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Michael Jordan, President Obama weigh in on Donald Sterling controversy

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Donald Sterling takes in a game with his wife in the spring of 2013. (Getty Images)

Reaction to the racial comments reportedly made by Los Angeles Clippers owner Donald Sterling continued to flow in from around the world, much of it ranging from disappointment to disgust. NBA Hall of Famer and Charlotte Bobcats owner Michael Jordan, who initially declined comment through a team spokesperson Saturday, released a statement Sunday.

Jordan's statement:

"I look at this from two perspectives – as a current owner and a former player. As an owner, I’m obviously disgusted that a fellow team owner could hold such sickening and offensive views. I'm confident that Adam Silver will make a full investigation and take appropriate action quickly. As a former player, I'm completely outraged. There is no room in the NBA – or anywhere else – for the kind of racism and hatred that Mr. Sterling allegedly expressed. I am appalled that this type of ignorance still exists within our country and at the highest levels of our sport. In a league where the majority of players are African-American, we cannot and must not tolerate discrimination at any level."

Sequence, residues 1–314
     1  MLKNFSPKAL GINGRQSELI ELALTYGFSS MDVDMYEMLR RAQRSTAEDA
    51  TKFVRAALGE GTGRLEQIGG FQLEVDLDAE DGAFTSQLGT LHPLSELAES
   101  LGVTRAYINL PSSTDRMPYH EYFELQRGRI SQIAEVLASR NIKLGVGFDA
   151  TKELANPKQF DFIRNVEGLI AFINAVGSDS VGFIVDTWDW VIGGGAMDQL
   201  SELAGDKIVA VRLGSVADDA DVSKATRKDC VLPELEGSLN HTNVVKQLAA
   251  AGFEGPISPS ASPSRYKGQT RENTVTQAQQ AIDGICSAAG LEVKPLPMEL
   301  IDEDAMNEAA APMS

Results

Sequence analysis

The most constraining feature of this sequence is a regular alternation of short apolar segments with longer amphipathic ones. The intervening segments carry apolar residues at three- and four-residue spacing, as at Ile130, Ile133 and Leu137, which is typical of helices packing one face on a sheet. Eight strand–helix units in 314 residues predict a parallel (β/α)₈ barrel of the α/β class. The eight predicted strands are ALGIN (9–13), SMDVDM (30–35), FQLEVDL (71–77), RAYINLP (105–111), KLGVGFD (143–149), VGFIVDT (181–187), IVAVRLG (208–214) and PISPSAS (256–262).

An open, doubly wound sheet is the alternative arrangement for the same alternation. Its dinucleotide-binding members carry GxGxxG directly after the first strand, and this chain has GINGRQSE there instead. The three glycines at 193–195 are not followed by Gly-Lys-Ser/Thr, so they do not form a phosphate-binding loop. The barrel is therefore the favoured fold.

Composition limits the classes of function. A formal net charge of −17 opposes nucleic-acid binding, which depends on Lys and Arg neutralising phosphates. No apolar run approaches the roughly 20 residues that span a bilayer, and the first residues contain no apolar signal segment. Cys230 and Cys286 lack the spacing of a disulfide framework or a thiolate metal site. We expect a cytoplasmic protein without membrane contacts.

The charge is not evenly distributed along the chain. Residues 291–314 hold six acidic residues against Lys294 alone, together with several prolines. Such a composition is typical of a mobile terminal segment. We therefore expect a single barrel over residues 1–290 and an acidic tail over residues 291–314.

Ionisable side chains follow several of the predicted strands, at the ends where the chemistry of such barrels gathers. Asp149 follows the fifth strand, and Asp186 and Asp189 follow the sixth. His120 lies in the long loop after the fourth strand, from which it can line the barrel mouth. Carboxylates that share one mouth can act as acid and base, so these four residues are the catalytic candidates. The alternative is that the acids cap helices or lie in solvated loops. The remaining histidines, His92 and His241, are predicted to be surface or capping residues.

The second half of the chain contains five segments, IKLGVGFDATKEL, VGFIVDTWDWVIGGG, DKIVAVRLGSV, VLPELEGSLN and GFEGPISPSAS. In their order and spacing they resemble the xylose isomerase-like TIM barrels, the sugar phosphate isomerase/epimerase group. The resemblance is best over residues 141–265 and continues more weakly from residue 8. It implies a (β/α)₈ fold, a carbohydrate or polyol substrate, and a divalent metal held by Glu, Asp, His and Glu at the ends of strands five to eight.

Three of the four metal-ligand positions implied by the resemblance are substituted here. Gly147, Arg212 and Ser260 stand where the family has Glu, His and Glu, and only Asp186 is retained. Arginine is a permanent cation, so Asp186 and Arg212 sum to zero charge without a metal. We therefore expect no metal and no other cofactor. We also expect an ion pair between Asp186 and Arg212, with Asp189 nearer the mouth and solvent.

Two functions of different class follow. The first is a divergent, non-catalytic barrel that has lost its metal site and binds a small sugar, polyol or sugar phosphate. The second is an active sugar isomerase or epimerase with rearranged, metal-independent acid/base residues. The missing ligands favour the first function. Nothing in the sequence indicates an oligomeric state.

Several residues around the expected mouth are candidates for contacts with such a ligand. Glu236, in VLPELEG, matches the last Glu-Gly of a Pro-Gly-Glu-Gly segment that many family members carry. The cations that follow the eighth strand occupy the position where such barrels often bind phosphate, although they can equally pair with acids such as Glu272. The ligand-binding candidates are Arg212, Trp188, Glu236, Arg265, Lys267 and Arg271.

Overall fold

The Los Angeles chapter of the National Association for the Advancement of Colored People also announced it will not award Sterling a "lifetime achievement" award next month as previously planned.

President Barack Obama weighed in on the alleged comments from Sterling. During a trip to Malaysia, the president called the comments "incredibly offensive racist statements."

President Obama's reaction, according to the Associated Press:

"When ignorant folks want to advertise their ignorance, you don’t really have to do anything, you just let them talk. … The United States continues to wrestle with the legacy of race and slavery and segregation, that’s still there, the vestiges of discrimination. We’ve made enormous strides, but you’re going to continue to see this percolate up every so often. And I think that we just have to be clear and steady in denouncing it, teaching our children differently, but also remaining hopeful that part of why statements like this stand out some much is because there has been this shift in how we view ourselves."

One fan held up his own suggestion for Clippers players, who decided against boycotting Sunday's game, outside the Golden State Warriors' Oracle Arena.

Some fans at Oracle Arena apparently came up with a new chant for the Clippers.

Los Angeles Dodgers outfielder Matt Kemp, who was mentioned in the most recent alleged recording of Sterling released by Deadspin, had his own take after being dragged into the controversy.

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